Vic and I go see Catherine McCall read from her memoir, Lifeguarding, at Malaprop’s in BigCity, NC. I have not read the book but recognize the author as soon as we walk in and make a b-line for the podium where a stack of unsigned books sits, waiting to be purchased and scribbled in. I have a specific purpose in mind: When I’ve never met the author and haven’t read the book, I like to catch a first glimpse of her in person then immediately read her first sentence. It’s a flash one-two combo attempt to dig my heels into something right away. Sort of like cramming right before a test.
Catherine, however, is the one under pressure since it’s her art on the line and if anyone passes any tests, it’s her, hands down. She reads with persona and eagerness, the calmness of her complexion under the track lighting holding steady through the emotion of her reading. She’s good, I think to myself, then elbow Vic. We make eye contact and agree without words, Really good.
The author has short salt and pepper gray hair, youthful peach colored lips, and a smile that, when in full bloom, makes you smile back. I notice that Catherine furroughs her brow when she reads or when she is concentrating on providing a thoughtful answer to someone’s question. When she pauses, sometimes she closes her eyes to retreat into thought. In the end, her responses are intelligent, eloquent, and helfpul. While always answering the questions directly, she also manages to slip in occasional philosophical notations about life – “Willingness – that’s the same thing as love” and “Even when we get upset in my family we are honest. Honest.”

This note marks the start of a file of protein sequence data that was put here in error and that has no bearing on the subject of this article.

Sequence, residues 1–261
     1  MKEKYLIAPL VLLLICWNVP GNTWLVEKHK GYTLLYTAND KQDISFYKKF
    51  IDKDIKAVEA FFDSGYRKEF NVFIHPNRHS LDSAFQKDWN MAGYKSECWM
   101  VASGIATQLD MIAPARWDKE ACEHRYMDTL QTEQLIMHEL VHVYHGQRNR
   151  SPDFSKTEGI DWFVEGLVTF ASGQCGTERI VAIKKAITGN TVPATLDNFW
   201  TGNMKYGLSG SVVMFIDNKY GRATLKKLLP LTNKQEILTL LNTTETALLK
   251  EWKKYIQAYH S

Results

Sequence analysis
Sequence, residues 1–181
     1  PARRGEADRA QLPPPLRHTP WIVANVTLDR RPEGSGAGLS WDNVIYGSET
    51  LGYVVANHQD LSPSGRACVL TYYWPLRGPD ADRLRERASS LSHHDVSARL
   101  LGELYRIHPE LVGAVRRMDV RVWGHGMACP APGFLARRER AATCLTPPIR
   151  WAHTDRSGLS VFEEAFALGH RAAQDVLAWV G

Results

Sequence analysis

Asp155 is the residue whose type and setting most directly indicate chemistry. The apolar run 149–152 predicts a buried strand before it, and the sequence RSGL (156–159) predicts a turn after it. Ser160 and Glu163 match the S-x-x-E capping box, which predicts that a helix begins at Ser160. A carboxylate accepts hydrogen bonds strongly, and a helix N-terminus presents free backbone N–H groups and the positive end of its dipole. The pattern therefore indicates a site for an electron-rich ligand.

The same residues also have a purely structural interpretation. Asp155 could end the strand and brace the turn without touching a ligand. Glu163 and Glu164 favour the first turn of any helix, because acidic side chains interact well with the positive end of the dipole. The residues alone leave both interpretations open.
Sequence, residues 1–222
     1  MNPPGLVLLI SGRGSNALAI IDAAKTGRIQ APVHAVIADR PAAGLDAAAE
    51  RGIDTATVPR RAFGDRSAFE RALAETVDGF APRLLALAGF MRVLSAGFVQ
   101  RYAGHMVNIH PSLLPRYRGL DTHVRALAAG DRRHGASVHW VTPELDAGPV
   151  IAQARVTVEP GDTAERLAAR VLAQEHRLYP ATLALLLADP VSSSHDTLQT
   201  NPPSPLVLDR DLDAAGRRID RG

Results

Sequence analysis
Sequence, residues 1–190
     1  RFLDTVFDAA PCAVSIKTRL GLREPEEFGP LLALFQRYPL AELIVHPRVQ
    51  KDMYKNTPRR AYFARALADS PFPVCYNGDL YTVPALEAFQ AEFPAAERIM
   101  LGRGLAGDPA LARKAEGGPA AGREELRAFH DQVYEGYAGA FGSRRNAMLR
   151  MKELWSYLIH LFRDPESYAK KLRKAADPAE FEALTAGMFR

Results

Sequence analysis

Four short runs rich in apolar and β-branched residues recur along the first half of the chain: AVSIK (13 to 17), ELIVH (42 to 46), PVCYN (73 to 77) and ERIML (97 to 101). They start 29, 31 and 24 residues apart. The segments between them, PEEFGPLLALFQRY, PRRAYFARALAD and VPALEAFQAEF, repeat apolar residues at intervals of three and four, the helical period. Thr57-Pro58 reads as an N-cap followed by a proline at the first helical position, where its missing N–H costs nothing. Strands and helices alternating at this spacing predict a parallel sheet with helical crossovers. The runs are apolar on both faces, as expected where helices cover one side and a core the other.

Immediately I am hooked into her analogy of lifeguarding and her life as a young competitive swimmer. She paralells this with “ghosts” of her grandparents and uncle, whom she never (or only once) met and weaves this atop the action of her upbringing. Suddenly, “life”-“guard”-ing takes on a new meaning, one that is closer to it’s opposite – death, in all senses of the word – than we can even imagine.
By the end of the event I am sold, and purchse the book even though it is hardcover, even though I already bought a ceramic mug today, and even though I have two cavities to fill next week. Vic, nudging me in the direction she knows she wants me to go, reminds me of the extra tips I earned this week from full-time work subbing at the coffeehouse, and before I know it I’m at the front of the line to get my book signed.
Several thousand pages will pass across my eyes before I can get to this book, but already I am eager to see how Catherine’s wave-shaped tension and analogies build throught. But really it is the combination of events – working too hard this week, dealing with an HR situation on top of that, forgetting to strech and care for my body at the end of the day, behind on my MFA reading for the first time, and blah blah blah wah. The point is this: The best kind of writing invites readers to get lost in themselves or lost in another world or both. And the best kind of writers inspire others, encourage creative thinking, and speak from the heart. All of this was demonstrated tonight, and the timing couldn’t have been better. This, I remind myself, is why I came.